When Maryland football trots onto the Memorial Stadium field in Champaign, Illinois  surrounded by a crush of orange-clad Illini zealots, it’ll be a familiar scene for coach Mike Locksley.

He was an offensive assistant at Illinois from 2005 to 2008, including a three-year stint as offensive coordinator. That gig launched him up the coaching ranks, and though Locksley left after the 2008 season, he retains a close bond to Champaign.

Thirteen years later, Locksley is set to return to Illinois for the first time since he worked there. But now, he’s in enemy territory.

“It was a special opportunity,” Locksley said. “We were able to do some exciting things there.” 

Locksley’s path from Champaign to College Park likely would not have been possible without Ron Zook. The latter brought Locksley on as an assistant when he was named head coach of the Fighting Illini in 2005.

The pair crafted an offensive attack that guided Illinois from bottomfeeders to Cinderellas, culminating in a shock Rose Bowl run during the 2007 season. Locksley left the following year but remained close with Zook.

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When Locksley was named Maryland’s head coach in 2019, one of his first calls was to Zook. The former bench boss signed on as an analyst and has since been promoted to the Terps’ special teams coordinator.

“[I’m] not surprised that a guy like Ron Zook would give me that opportunity at 36 years old,” Locksley said. “But again, those things are in the past.” 

The rest of the team, however, is less familiar with the Illini. Maryland has yet to visit Champaign as a program, and the only player on the Terps’ roster with ties to the state is Chicago native Johari Branch.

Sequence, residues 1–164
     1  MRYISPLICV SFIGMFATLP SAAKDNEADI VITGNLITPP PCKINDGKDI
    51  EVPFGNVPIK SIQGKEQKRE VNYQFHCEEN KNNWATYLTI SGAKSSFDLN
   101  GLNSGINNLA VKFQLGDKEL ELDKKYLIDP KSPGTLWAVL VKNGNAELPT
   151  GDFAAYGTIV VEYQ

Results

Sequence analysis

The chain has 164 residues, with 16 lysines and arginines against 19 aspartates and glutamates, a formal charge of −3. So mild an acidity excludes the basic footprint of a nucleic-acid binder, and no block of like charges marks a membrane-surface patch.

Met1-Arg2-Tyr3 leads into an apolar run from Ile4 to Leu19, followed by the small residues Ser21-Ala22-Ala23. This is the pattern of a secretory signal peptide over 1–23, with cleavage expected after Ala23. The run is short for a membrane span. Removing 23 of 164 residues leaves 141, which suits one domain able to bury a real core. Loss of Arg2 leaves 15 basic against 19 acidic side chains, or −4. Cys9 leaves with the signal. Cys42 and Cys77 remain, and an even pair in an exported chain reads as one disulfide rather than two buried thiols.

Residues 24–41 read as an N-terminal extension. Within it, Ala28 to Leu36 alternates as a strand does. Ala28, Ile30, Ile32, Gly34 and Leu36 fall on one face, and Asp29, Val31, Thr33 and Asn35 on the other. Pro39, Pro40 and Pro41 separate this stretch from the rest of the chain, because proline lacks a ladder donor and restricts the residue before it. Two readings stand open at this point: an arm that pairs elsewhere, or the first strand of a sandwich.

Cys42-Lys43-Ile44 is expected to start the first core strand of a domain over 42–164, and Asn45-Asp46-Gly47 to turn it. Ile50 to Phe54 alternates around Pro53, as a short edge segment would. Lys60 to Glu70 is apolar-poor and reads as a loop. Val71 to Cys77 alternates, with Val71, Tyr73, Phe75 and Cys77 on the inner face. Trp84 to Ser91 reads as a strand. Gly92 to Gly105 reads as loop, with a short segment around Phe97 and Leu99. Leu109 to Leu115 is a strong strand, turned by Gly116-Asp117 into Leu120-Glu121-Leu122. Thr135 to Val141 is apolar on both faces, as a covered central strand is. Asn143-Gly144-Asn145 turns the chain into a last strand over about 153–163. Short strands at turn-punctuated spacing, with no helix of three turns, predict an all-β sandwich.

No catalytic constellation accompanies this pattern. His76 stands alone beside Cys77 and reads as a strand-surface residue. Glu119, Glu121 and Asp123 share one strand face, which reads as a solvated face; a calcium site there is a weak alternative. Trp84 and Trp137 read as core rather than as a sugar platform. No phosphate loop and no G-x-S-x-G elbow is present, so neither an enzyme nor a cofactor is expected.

The sides have only met one other time, too, which ended in a 63-33 Maryland thrashing of Illinois in 2018.

“It’ll be a fun experience getting to go up there,” tight end Chig Okonkwo said. 

It’s also the first true road game with fans since November 2019. For many of the young Terps, it’ll be their first time in front of a rabid opposing fanbase, as most of them were in high school or on the bench the last time they played to a crowd jeering its hardest.

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The unfamiliar environment could prove tricky for Maryland, even with its talent advantage — but the Terps won’t change their approach.

“You’re just going there and playing the game. Nothing different,” linebacker Ruben Hyppolite said.

Locksley is one of the few familiar with the frenzy on the plains. Though it’s been more than a decade since he’s stepped foot on Zuppke Field, it shouldn’t take too long for him to get resettled.

After all, his time with the Illini helped set Locksley’s career in motion, indirectly leading him to his spot Friday night. And when he gets there, Locksley will be home.

“[It’s] obviously a … special place,” Locksley said. “Champaign-Urbana, to me, is, next to Maryland, a place my kids call home.”